mercredi, avril 05, 2006

Just say no...or yes

Fast approaching the end of the Lenten season, I realized that I had almost run out of time to make a Lenten sacrifice. My solution? Simple. If I can somehow avoid thinking about this little problem for the next week, Lent will be over and I won't have to worry about it again until next year.

Does anybody understand the mystery of will-power? Is it possible to explain how some people are able to make life-changing decisions in a dramatic and absolute way, while others make them by increments, and others never do? Last weekend, I had a conversation with a friend who is a heavy smoker. She has often struggled to give up the habit. She succeeds for a month, or two months, and then something prompts her to pick up a pack once more. Currently, the cigarettes are winning.

I walked away from that conversation thinking of how ineffectual I felt in counseling her. I'm often stymied by what to say to people in grip of an addiction because I'm not sure I have the intestinal fortitude to say no to much of anything. Ask my dentist.

Meringues for breakfast. Chocolate chips at bedtime. Online discount designer outlets know me on a first name basis. And let's not talk about putting off until next week what I should I have done last week.

Even my so-called "virtues" are driven by some inner compulsion. Take running, for instance. I've been running for enough years to be extremely, perhaps overly sensitive, to my body's internal spiritual and external physical state. From at the moment I step out of the car and put that inordinately expensive sneaker on the tarmac, I'm taking inventory. Am I mentally exhausted by the long drive home and the sad news on NPR and the prospect of finishing reading that 300 page book on Benedictine spirituality for a review that is due tomorrow? Poor baby. How's that prima donna lower spine today, Elizabeth? Sure you are up for this? As I dip into my trunk for headphones and gloves (once the temperature goes into the 70's for a week I will feel totally secure in ditching the gloves) I check that tight hamstring muscle, and hope its going to hold out for five miles. After this tiresome catechism designed to make sure I'm running from choice and not because it's good for me, it's really easier to get moving. Truly, it is.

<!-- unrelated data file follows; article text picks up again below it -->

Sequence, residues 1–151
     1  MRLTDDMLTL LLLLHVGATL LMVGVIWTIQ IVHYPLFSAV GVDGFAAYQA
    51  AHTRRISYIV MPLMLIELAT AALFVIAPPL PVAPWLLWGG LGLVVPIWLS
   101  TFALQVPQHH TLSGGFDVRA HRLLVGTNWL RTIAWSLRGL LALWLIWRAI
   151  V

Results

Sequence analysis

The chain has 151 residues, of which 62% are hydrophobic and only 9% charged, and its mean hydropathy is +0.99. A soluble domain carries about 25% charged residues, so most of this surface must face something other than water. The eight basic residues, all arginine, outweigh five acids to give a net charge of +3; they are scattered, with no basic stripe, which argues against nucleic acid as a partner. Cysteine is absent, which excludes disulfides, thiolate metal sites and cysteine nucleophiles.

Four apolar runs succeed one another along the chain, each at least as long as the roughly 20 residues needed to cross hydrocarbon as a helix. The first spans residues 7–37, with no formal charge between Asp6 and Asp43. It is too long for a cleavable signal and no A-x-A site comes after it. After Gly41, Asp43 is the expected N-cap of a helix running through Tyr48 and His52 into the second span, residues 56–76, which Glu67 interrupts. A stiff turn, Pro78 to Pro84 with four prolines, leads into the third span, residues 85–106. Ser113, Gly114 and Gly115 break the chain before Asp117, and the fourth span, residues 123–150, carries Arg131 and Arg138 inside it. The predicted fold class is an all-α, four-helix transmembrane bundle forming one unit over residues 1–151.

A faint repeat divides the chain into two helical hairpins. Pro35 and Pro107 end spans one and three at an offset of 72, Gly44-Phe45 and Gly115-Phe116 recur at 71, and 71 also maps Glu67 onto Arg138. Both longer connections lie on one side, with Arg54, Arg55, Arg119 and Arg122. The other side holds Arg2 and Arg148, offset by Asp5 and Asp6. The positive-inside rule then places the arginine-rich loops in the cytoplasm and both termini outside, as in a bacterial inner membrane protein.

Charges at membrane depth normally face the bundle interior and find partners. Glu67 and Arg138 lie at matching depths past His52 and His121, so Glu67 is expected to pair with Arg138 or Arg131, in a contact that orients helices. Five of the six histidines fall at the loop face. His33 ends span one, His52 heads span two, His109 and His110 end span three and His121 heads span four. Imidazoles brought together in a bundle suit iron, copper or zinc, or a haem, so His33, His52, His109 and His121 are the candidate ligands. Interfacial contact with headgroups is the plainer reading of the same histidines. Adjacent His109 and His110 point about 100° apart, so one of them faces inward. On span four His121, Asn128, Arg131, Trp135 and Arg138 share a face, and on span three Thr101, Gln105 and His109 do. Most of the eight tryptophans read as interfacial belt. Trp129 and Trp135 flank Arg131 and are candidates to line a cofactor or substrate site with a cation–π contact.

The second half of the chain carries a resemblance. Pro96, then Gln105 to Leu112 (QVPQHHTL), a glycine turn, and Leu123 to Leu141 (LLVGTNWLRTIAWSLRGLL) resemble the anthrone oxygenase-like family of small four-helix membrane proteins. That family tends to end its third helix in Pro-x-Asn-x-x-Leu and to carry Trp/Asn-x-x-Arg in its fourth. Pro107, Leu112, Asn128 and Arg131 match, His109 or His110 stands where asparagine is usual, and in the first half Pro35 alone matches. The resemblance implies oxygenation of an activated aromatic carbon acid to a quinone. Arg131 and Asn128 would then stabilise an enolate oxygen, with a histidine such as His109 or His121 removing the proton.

I don't have a diet, doctrine or discipline. If it weren't for grace and disposition, I'd be in a real pickle. But I'm guessing that there are many of you out in the cyberworld who have made the decision to turn your back on self-destructive habits, and have not looked back. On the positive side of the ledger, there are also many of you who have taken on another discipline, whether it be volunteering at a local school or refraining from gossip, and have accomplished much. Have you given up booze or babes, gambling or hypocrisy (for at least a week)? We want to hear from you.

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